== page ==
Updated: Aug 19, 2021
In early April, Book Designer David Miles and I finished designing the cover and interior of The Train Rolls On. It took us roughly two months and eight rounds of revisions to complete the job, but I am really excited about the finished product!
Following the design process, I uploaded the book files to IngramSpark and Kindle Direct Publishing (KDP), Amazon's self-publishing platform. I then ordered proof copies of the hardcover and paperback versions of the book. As of this week, the Amazon paperback proof has arrived, and the IngramSpark hardcover proof is on its way.
When the paperback proof came, I was legitimately shocked. The package arrived two days early, and I was not expecting to find my book inside. As I opened it, I was actually racking my brain to figure out what book I had recently ordered from Amazon (that should tell you how many books I order...it's A LOT!) When I peeked in and saw the book, my jaw dropped. I was both surprised and elated. I can't even describe how exciting it is to finally hold the book in my hand. I couldn't wipe the smile off of my face for the rest of the night. 😁
Since the official book launch is still more than a month away, this article is meant to give you a sneak peek at the inside of the finished book and to fill you in on some behind-the-scenes details that make the book really special. So, here's a quick insider tour:
Endpapers are the colored or decorative papers located at the very front and back of a picture book. Not all books have them, but they can really add a fun element to a book if they are done right.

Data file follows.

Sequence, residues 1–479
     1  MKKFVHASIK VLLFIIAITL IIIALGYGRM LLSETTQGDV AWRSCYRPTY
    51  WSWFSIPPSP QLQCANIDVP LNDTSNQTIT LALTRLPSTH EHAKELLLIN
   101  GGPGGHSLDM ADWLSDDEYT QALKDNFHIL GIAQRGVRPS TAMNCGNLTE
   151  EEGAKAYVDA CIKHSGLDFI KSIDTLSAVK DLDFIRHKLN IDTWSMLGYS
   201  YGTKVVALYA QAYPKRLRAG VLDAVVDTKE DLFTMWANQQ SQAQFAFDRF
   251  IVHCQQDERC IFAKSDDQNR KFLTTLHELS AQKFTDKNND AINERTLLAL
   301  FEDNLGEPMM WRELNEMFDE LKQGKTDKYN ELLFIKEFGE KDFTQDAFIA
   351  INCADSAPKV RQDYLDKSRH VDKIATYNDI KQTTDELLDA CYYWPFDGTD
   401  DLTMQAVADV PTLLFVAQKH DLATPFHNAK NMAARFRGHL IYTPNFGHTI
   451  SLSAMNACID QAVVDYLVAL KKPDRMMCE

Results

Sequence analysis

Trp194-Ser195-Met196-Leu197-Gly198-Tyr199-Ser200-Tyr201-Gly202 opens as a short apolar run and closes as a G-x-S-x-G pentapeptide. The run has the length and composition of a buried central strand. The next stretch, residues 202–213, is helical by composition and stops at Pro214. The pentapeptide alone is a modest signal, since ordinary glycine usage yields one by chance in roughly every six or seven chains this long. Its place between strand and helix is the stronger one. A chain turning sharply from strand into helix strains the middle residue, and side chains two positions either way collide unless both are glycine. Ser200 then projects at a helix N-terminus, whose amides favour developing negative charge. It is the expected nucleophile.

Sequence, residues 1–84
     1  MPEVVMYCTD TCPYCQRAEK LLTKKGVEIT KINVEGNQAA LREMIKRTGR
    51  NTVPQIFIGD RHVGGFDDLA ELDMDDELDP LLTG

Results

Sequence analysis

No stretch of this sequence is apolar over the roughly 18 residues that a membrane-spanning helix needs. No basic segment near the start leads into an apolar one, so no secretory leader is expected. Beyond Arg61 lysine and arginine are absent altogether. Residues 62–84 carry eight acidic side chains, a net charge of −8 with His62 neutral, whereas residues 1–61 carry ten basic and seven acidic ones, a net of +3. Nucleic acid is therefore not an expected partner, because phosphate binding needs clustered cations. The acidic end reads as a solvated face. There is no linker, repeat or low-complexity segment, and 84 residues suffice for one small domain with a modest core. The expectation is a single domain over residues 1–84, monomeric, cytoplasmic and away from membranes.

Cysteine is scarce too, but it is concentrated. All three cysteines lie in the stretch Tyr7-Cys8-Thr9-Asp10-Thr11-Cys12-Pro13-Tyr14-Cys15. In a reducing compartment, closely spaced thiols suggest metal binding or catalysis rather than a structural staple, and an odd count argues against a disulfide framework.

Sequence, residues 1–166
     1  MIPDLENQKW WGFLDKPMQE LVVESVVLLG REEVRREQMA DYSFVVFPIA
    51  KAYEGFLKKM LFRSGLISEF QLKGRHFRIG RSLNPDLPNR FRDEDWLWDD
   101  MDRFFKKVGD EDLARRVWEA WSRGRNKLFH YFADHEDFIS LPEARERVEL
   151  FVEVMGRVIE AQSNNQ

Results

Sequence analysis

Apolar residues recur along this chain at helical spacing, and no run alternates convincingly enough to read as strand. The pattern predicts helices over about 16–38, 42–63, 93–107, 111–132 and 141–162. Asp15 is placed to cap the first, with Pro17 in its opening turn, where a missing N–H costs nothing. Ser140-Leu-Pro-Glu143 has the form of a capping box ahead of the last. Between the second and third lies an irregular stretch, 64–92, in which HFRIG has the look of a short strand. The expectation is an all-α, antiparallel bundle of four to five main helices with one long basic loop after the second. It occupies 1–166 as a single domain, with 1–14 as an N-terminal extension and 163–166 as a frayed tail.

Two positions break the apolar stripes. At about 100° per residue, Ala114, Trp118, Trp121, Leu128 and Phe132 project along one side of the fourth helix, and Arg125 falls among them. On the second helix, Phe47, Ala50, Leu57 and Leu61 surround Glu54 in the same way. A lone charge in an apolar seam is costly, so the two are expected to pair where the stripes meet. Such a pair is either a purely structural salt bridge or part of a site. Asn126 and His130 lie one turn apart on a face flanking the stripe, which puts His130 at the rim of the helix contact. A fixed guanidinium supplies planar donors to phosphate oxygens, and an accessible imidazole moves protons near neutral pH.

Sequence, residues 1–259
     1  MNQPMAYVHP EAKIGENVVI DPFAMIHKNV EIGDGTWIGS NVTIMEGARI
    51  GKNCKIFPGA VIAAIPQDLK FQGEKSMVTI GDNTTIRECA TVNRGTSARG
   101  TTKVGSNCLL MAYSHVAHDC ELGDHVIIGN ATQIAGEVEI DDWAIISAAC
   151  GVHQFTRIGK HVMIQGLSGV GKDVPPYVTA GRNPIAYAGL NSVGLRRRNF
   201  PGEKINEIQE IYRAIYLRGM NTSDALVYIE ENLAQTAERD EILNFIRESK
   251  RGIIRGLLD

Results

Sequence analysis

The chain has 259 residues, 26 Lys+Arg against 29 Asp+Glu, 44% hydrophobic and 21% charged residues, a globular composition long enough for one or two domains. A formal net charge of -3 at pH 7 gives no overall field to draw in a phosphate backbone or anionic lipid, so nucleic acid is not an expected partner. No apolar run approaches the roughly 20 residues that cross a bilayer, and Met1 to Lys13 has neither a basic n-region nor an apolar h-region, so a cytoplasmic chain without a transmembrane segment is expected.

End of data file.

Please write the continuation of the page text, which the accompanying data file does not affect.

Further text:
In this case, David Miles chose the perfect endpapers for The Train Rolls On. When I saw them for the first time, I immediately fell in love with them. I love the colors and how they tie in with the book's cover and title. My favorite thing about them is that kids can trace the railroad tracks with their fingers. (Case in point: That was the first thing my daughter, Avery, did when we opened the paperback proof. 😊) I think kids will love the interactive nature of these pages!
The Name of The Train
At the start of the publishing process, the train didn't have a name. Throughout the story, it is simply referred to as "train," and I had intentionally left it that way because I wanted to keep the train as gender-neutral as possible, hoping it would appeal to both boys and girls.
However, during the illustration process, Christina Wald suggested adding some text to the side of the train's engine. She thought that adding a name would provide more visual appeal and lend even more character to the train. After seeing the engine with and without text, I totally agreed, but the question became: What should the train's name be?